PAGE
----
FerFAL

Fight back or not?

Hi Mr. Aguirre,
Like many who were woken up by the collapse last year, being afraid of what might come and what to do about it. I found your experiences on a survival web forum very insightful and useful. Since then I had follow your blog, and also bought your book and read it, in no time. It had help me prepare.
I had recently gotten my license to carry, and am looking to prepare myself with some purchases.
Since then I had different scenarios in my mind of what might happen if it requires the use of gun self defense. Here is one,

If you know there are 4 assailants with handguns broke into your house, and you only have a handgun, would you use that to defend yourself risking escalating into a firefight, which is to your disadvantage, or do nothing, hope they are only after your money and not hurt your wife who is pregnant with twins?

Very interested in what you think.

Thanks for your time, hope all is well with you and your family's health.

p_

This article suggests that it might be better to not fight back.

see link: http://www.eiconline.org/resources/publications/z_gvdb/gvb1-5.pdf

the first paragraph says:

¡» Emphasize that wielding a firearm in selfdefense
may ironically increase one¡¦s risk of death
or injury by increasing the likelihood that the
assailant will use his or her own weapon.
--------------------------------------------------------------
Still feeling humiliated from a home robbery three
weeks earlier, a homeowner decided to fight back
when three gunmen invaded his house. Feigning illness
and asking to retrieve medication, he was
allowed by the men to go into his bedroom where he
kept a handgun. He grabbed the gun and started firing
at the intruders, saying ¡§No one is ever going to
rob me again.¡¨ He killed one of the men, but was himself
killed when hit with ni neteen return bullets from
the others.
¡VLA Times, 6-1-00




Hi P, about the article, its clearly biased and misleading antigun propaganda.
If guns are such a bad idea, ask yourself. Why is every president in this planet surrounded by a dozen people carrying them, 24/7?
Wouldn’t that escalate terribly the chances of getting wounded with their own guns, according to those statistics?
Next time Obama wants to take your guns, just say “Sure, that’s a great idea! Lets start with the ones carried by the secret service guys standing all around you! Lets get rid of those first, since they are already here!” I’d love to hear his explanation to that.
Guns aren’t good or bad, or even dangerous. A gun wont hurt anybody all by itself. It’s the shooter that makes the difference.
As I said in my book, if we allow ourselves to be reduced to the average level of population stupidity for our own safety we wouldn’t have guns, cars or even allowed to use matches, or sharp objects.
I consider people like us above that very mediocre level.
We’re people that own guns, practice with them and received enough formal self defense training. At least that’s what every person arming himself for self defense should do.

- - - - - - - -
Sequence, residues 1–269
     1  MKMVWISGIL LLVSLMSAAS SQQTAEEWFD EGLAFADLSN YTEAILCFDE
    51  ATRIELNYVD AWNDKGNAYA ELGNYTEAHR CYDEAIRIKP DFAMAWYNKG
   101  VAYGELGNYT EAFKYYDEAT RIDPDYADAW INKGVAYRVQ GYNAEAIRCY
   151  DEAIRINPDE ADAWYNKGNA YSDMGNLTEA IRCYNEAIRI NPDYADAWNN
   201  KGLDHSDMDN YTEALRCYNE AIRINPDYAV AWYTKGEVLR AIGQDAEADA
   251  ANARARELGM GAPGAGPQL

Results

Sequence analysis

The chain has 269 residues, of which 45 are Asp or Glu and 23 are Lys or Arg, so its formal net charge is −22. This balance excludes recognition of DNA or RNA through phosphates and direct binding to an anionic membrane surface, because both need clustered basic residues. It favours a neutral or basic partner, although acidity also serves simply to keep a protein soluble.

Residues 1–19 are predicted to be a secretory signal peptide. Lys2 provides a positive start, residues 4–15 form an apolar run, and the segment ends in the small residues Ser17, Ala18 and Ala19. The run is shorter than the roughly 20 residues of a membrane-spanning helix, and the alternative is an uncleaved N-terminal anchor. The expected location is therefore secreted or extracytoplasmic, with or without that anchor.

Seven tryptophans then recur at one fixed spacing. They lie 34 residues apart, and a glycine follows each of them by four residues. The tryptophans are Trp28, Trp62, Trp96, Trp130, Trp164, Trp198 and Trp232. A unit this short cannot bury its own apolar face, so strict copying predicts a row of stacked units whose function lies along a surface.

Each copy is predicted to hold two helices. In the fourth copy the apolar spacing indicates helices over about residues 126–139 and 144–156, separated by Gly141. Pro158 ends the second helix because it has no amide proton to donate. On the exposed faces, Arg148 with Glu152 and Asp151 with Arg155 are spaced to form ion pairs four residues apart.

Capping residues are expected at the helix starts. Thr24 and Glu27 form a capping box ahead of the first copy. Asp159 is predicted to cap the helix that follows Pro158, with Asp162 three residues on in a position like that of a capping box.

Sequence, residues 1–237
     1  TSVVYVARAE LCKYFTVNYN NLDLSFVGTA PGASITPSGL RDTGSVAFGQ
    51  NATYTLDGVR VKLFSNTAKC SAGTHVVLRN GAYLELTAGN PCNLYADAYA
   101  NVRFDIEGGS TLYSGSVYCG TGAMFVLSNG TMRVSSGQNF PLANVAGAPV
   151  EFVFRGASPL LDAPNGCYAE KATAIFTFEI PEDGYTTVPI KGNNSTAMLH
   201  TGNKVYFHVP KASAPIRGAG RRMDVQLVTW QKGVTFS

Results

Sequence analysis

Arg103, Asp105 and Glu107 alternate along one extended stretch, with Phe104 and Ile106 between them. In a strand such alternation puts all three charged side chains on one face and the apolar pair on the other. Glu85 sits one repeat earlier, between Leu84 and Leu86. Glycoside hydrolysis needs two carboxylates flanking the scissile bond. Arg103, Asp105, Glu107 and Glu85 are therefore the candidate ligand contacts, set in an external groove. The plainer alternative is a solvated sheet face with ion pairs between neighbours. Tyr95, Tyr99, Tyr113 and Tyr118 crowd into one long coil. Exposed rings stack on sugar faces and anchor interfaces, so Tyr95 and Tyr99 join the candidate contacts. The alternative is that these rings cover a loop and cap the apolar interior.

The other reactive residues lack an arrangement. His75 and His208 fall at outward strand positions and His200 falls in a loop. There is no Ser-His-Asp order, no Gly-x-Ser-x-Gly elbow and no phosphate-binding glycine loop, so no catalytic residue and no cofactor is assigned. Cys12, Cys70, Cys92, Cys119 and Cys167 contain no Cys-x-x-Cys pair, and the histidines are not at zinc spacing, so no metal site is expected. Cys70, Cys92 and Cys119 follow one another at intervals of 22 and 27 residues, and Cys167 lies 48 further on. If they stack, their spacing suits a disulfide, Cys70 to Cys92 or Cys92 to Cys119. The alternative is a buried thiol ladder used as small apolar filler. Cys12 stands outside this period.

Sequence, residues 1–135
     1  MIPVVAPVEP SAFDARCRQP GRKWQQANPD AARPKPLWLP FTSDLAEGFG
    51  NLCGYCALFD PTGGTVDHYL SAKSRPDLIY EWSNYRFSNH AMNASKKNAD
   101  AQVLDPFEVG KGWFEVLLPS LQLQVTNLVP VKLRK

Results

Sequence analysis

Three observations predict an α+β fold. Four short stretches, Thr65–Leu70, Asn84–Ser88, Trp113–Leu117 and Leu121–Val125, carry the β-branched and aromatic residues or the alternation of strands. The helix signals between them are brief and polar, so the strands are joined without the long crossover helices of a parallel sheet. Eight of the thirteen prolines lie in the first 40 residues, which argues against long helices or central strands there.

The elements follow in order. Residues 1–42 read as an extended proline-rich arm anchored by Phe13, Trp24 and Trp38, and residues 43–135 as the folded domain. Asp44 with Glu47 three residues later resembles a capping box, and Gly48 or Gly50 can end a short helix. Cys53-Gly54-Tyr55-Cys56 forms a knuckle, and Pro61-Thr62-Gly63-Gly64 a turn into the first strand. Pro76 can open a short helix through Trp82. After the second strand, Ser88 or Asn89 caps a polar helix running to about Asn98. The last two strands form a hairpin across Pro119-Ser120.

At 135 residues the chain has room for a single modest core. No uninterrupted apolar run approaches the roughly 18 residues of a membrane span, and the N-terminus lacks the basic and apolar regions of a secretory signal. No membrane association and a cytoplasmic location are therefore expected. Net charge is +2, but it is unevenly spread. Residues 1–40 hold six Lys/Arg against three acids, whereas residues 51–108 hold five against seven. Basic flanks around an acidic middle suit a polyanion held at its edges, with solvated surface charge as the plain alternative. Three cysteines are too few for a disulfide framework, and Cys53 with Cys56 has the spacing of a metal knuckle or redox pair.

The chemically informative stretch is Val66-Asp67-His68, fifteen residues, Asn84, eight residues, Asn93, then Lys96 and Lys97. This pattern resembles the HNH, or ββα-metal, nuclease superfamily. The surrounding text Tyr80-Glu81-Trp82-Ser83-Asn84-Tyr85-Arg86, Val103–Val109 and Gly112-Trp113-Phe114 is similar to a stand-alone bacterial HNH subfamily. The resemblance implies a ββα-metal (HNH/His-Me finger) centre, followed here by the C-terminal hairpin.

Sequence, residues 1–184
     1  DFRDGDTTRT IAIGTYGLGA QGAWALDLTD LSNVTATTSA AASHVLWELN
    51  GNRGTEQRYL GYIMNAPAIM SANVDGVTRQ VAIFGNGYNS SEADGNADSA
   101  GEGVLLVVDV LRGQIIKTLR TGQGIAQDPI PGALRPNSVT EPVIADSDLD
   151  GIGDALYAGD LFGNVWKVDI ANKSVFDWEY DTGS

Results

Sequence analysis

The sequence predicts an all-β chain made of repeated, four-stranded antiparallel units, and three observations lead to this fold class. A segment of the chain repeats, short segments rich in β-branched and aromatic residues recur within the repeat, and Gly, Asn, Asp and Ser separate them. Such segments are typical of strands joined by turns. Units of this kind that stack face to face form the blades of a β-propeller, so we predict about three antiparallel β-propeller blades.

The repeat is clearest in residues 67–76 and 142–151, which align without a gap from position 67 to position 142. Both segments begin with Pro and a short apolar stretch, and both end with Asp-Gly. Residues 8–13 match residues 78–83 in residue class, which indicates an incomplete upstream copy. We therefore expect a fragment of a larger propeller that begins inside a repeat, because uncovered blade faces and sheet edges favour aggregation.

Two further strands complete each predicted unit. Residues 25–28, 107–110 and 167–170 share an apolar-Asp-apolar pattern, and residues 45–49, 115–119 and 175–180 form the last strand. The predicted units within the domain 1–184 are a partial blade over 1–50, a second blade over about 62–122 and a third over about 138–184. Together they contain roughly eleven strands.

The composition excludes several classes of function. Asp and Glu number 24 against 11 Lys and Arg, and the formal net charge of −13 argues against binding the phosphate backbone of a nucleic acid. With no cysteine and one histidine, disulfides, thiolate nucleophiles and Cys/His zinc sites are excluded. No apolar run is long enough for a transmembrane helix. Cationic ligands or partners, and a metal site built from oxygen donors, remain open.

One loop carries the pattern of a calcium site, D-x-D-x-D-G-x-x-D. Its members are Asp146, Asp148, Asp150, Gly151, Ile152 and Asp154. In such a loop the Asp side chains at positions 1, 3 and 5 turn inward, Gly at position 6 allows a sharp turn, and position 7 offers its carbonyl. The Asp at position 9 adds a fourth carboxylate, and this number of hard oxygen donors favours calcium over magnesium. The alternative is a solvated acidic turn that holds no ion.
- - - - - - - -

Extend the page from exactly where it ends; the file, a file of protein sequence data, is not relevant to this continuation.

In my case, my home is very defendable. I’d certainly fight back and probably succeed.
Depending on your type of home and location, a few warning shots may be in order.
The most natural reaction humans have when someone starts shooting is to run in the other direction. Criminals are no different.
There’s plenty of cases where the home owner starts shooting and even without hitting anyone the bad guys leave. That’s the most common reaction.
This isn’t an exact science, but I’d rather shoot than give up without a fight and maybe regret that for the rest of my life like so many people did.
I’m no Rambo, I’d readily give away my cell phone and wallet if mugged on the streets is that solves the situation quick enough, but when its your house, your family, and you talk about surrendering and being at their mercy, that’s very different. Usually you’ll get none.
You have to make your own decision and learn to live with it.
I already made mine.

FerFAL

Wednesday, July 8, 2009

The Pistol caliber Sub-rifle as a viable choice

This type of weapon is generally overlook by shooters in general including people in the survival community.
“Big gun no better than a handgun”
“Underpowered”
“If I have a long gun, I want it to fire rifle ammo”
But lets look at some of the advantages:

1) It IS better than a handgun: It’s easier to shoot accurately, has more firepower (40 rounds in some 9mm models) and the extra barrel length adds a couple hundred feet per second in certain 9mm and 40 S&W ammo.
2) Robust: This mostly applies to the more simple open bolt models. Not terribly accurate, but reliable and simple to operate and repair.
3) Ammo price: This is a mayor factor for me, the ability to keep the creature fed.
Honest now guys, how many of you flinch every time you shoot your rifle, not because of recoil but because of the $ you feel fly away with each trigger pull? Ammo is pretty expensive these days, specially rifle ammo. Even if you have it, you sure want to use a minimum amount of it to stay proficient, and save most of it for a rainy day.
This also means you get to practice more.
9mm and other common pistol calibers are cheaper and readily available. If you find ammo in the civilian world, more than likely it’s going to be pistol caliber ammo.